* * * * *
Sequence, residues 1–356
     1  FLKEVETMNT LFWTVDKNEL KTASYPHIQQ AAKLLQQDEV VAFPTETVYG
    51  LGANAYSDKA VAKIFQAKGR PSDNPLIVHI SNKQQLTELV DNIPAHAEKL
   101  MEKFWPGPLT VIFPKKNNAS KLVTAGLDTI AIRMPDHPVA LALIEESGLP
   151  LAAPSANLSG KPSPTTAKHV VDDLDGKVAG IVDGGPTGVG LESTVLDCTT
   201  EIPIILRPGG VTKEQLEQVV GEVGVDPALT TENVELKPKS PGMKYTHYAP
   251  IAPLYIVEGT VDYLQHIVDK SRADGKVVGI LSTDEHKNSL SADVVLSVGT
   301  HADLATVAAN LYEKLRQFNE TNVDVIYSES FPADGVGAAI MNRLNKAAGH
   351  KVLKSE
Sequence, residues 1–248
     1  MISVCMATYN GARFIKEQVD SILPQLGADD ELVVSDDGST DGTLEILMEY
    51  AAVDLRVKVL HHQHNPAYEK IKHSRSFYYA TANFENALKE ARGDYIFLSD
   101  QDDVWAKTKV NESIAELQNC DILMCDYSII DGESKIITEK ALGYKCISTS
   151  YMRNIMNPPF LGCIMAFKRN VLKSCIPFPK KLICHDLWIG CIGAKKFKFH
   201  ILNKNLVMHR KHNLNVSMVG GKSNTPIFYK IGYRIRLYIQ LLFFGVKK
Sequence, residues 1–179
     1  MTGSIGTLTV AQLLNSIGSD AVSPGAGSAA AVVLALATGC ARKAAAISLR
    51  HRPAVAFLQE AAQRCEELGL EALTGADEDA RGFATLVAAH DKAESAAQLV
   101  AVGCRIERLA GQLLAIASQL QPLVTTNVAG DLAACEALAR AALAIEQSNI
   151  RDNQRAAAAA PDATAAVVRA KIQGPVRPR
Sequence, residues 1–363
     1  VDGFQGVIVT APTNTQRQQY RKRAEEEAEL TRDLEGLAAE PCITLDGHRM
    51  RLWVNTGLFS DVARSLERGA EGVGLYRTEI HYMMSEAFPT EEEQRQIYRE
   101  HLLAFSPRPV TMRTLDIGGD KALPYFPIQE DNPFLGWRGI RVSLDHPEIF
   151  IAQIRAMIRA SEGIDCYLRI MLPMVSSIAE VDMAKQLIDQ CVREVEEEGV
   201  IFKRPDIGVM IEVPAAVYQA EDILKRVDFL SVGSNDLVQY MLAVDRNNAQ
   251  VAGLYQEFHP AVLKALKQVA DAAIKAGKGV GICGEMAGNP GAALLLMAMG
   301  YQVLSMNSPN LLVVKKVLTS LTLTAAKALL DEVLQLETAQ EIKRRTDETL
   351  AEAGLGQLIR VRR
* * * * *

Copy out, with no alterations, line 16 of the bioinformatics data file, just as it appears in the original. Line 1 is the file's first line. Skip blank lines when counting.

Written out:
Sequence, residues 1–179